Creoles from the Bayou Country
An Unknown Creole Musician
The One Drop Rule
In the South it became known as
" One drop Rule "
meaning that a single drop of
"black blood" makes a person black.
It is also known
as the "one black ancestor rule," some courts have
called it the "traceable amount rule," and anthropologists
call it the "hypo-descent rule," meaning that racially
mixed persons are assigned the status of the subordinate group.
The term "Negro,"
which is used in certain historical contexts, means the same
thing. Terms such as "African black, unmixed Negro,"
and "all black" are used here to refer to unmixed
blacks descended from African populations.
The term "mulatto"
was originally used to mean the offspring of a "pure
African Negro" and a "pure white." Although
the root meaning of mulatto, in Spanish, is "hybrid,"
"mulatto" came to include the children of unions
between whites and so-called "mixed Negroes."
In the United States, the terms
mulatto, colored, Negro, black, and African American all came
to mean people with any known black African ancestry.
are racially mixed, to whatever degree, while the terms black,
Negro, African American, and colored include both mulattoes
and unmixed blacks. As we shall see, these terms have quite
different meanings in other countries.
Many of the nation's black leaders
have been of predominantly white ancestry
. James Augustine
Healy was born in 1830 to a mulatto slave and an Irish planter
and taken north to a Quaker school on Long Island in 1837.
He graduated from Holy Cross College in 1849, and in 1854
was ordained a priest at Notre Dame Cathedral in Paris, France.
He became the first black bishop in the United States, serving
in the capacity in Portland, Maine.
Plessy v. Ferguson (163 U.S.
537). This case challenged the Jim Crow statute that required
racially segregated seating on trains in interstate commerce
in the state of Louisiana.
The U. S. Supreme Court quickly
dispensed with Plessy's contention that because he was only
one-eighth Negro and could pass as white he was entitled to
ride in the seats reserved for whites. Without ruling directly
on the definition of a Negro, the Supreme Court briefly took
what is called "judicial notice" of what it assumed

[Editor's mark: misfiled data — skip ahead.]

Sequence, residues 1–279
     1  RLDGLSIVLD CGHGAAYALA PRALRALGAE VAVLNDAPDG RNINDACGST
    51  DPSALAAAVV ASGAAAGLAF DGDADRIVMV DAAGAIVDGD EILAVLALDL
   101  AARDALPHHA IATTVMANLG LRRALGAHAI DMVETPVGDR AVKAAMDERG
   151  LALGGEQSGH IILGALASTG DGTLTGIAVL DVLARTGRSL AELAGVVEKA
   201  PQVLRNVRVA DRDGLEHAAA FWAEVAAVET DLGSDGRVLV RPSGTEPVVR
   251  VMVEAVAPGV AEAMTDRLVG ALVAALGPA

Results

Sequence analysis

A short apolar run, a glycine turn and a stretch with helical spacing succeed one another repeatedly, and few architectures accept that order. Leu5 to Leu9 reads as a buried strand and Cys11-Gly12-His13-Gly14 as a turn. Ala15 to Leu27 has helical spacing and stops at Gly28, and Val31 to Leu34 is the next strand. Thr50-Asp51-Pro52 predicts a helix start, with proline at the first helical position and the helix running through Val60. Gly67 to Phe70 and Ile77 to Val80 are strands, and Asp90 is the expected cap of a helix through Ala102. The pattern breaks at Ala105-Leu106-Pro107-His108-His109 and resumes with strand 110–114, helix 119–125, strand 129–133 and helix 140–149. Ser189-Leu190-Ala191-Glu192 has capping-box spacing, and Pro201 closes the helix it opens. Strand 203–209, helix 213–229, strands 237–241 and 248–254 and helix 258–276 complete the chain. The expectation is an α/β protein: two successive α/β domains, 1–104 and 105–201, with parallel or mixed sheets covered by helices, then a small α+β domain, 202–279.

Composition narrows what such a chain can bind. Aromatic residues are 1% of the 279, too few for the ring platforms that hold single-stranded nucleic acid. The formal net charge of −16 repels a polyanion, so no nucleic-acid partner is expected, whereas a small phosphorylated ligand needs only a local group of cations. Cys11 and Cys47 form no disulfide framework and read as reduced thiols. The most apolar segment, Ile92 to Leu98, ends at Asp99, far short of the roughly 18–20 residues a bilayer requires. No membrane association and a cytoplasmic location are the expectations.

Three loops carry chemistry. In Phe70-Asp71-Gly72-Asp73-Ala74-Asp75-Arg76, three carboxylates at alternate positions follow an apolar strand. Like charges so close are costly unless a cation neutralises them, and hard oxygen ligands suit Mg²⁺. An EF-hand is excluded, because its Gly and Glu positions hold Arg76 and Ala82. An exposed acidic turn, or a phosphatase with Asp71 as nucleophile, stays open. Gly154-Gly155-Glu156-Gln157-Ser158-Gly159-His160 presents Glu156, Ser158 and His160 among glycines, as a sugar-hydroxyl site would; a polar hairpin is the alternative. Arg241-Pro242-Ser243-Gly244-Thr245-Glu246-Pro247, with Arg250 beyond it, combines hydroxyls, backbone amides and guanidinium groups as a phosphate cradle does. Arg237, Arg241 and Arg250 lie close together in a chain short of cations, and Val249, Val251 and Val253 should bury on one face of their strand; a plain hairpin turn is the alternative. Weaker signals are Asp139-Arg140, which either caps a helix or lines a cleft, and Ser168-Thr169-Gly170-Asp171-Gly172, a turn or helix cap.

to be common knowledge: that a Negro or black is any person
with any black ancestry. (Judges often take explicit "judicial
notice" not only of scientific of scholarly conclusions but also rof opinion surveys.
The Census Bureau counts what
the nation wants counted. The definition of black used by
the Census Bureau has been the nation's cultural and legal
definition: all persons with any known black ancestry
nations define and count blacks differently, so international
comparisons of census data on blacks can be extremely misleading.
For example, Latin American countries generally count as black
only unmixed African blacks, those only slightly mixed, and
the very poorest mulattoes.
If they used the U.S. Definition,
they would count far more blacks than they do, and if Americans
used their definition, millions in the black community in
the United States would be counted either as white or as "colored"
of different descriptions, not as black.
In 1870 and 1880, mulattoes
were officially defined to include "quadroons, octoroons,
and all persons having any perceptible trace of African blood."
In 1980 enumerators were told to record the exact proportion
of the "African blood," again relying on visibility.
In 1900 the Census Bureau specified that "pure Negroes"
be counted separately from mulattoes, the latter to mean "all
persons' with some trace of black blood." In 1920 the
mulatto category was dropped, and black was defined to mean
any person with any black ancestry, as it has been ever since.
No other ethnic population in
the nation, including those with visibility non-Caucasoid
features, is defined and counted according to a one-drop rule.
For example, persons whose ancestry is one-fourth or less
American Indian are not generally defined as Indian unless
they want to be, and they are considered assimilating Americans
who may even be proud of having some Indian ancestry.
same implicit rule appears to apply to Japanese Americans,
Filipinos, or other peoples from East Asian nations and also
to Mexican Americans who have Central American Indian ancestry,
as a large majority do.